Adding multiple boards is fine to help reduce cost an all, but there are several things you should be if not already aware of. First, all of the boards need to be the same stackup, you can't mix layer counts. If you are doing IPC-D-356 Netlist testing, your panelizing program should be able to pull in the different board netlists and combine them to the panel since the X-Y data will have changed or create it's own D-356 file and when you dimension your panel, you need to define the origin of each board so the FAB shop can enter offsets for each boards netlist if a combined version is not available. If you are doing controlled impedance be sure that you don't have like trace widths on a board that doesn't need controlling or it might add cost for more than you need. Unless you/your company, are depanelizing the assembled boards, make sure your assembly shop is aware of what you're doing and if you're using Pick-n-Place files, the same offset data needs to be conveyed to them for placement and part location, etc. Same goes for any ICT or Flying Probe testing at a panel level, you'll need data either combined or with offset information. To really make sure you are creating a good panel and assembling it, you should contact both your FAB and Assembly shops. They will be happy to make sure you give them what they need to prevent stopping production for questions that may have been avoided by just calling and getting information. I don't know how many times shops will put a job on hold for a seemingly silly issue but they don't like making scrap, so they stop and ask. Same goes with your assembly group. Call and talk to them about what you are doing. Make sure you give them the tab info and make sure you know how they will separate the boards, etc. Communications is key to doing any board FAB and Assembly. I've been doing boards for 30+ years and I still learn new things that help here and there. As for Altium and the other tools mentioned above, I can't help on that part, I've not used the tools. My info here was hopefully to help you with the process of what you are planning to do and what to look for, etc. Good luck and drop back in and let us know how it went. Later...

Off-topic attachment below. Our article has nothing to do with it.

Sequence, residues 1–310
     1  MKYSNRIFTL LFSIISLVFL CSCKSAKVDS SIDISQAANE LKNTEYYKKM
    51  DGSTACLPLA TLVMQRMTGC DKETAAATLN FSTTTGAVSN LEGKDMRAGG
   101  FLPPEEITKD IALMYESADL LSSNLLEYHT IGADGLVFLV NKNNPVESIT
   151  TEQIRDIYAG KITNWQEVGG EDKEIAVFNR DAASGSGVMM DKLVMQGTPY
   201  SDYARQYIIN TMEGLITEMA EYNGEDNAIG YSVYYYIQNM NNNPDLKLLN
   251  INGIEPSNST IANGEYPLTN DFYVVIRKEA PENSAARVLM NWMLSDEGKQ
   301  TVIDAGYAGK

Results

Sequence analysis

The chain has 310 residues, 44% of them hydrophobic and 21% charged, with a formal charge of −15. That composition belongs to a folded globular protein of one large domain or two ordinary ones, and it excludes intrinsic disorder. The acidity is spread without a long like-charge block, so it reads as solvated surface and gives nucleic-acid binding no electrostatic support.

Ian0

Joined Aug 7, 2020
4,068
Another point - if you send a design consisting of several different panelised pcbs to most of the Chinese suppliers, they will insist that you un-panelise it.
On the other hand, they don't charge extra for making several small pcbs, so it is generally not worth the effort of panelising it.
 

jeffl_2

Joined Sep 17, 2013
63
Actually the reasons for panelizing are a bit more nuanced. The PCB folks obviously don't want you jamming together a bunch of IDENTICAL boards to just "cut the item count" and your cost. But normally a certain collection of specific, mostly UNIQUE PCBs constitutes an "assembly" (or shipset, pick your vernacular). When you're doing inventory on assembled PCBs, if they're "panelized" together you may only need to count inventory of the panelized assemblies thereby saving yourself a lot of work. Also for the SMD "pick and place" folks a panel only constitutes a single inventory list, not a dozen or more that you may need to keep track of in various proportions. Then there's the handling of the panel in both assembly and test fixtures, if you only need to design one instead of many it's easier. I would say in my experience if you have a decent argument for panelizing an assembly, most board houses will find a way to accommodate you rather than lose the business.